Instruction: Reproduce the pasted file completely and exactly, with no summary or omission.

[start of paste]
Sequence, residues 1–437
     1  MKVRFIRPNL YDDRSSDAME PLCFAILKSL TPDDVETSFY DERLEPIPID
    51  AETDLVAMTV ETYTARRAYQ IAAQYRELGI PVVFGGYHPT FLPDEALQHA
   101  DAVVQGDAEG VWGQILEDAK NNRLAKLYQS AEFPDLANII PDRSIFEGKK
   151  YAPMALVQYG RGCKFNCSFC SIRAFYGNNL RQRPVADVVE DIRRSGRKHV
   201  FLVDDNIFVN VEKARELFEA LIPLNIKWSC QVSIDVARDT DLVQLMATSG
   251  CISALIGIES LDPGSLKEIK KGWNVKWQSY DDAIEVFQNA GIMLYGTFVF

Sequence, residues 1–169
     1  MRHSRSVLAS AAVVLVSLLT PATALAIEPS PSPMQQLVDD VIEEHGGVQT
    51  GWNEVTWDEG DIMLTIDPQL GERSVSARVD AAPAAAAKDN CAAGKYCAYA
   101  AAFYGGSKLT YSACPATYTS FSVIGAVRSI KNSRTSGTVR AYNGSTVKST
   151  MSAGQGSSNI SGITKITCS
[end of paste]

Sequence, residues 1–437
     1  MKVRFIRPNL YDDRSSDAME PLCFAILKSL TPDDVETSFY DERLEPIPID
    51  AETDLVAMTV ETYTARRAYQ IAAQYRELGI PVVFGGYHPT FLPDEALQHA
   101  DAVVQGDAEG VWGQILEDAK NNRLAKLYQS AEFPDLANII PDRSIFEGKK
   151  YAPMALVQYG RGCKFNCSFC SIRAFYGNNL RQRPVADVVE DIRRSGRKHV
   201  FLVDDNIFVN VEKARELFEA LIPLNIKWSC QVSIDVARDT DLVQLMATSG
   251  CISALIGIES LDPGSLKEIK KGWNVKWQSY DDAIEVFQNA GIMLYGTFVF

Sequence, residues 1–169
     1  MRHSRSVLAS AAVVLVSLLT PATALAIEPS PSPMQQLVDD VIEEHGGVQT
    51  GWNEVTWDEG DIMLTIDPQL GERSVSARVD AAPAAAAKDN CAAGKYCAYA
   101  AAFYGGSKLT YSACPATYTS FSVIGAVRSI KNSRTSGTVR AYNGSTVKST
   151  MSAGQGSSNI SGITKITCS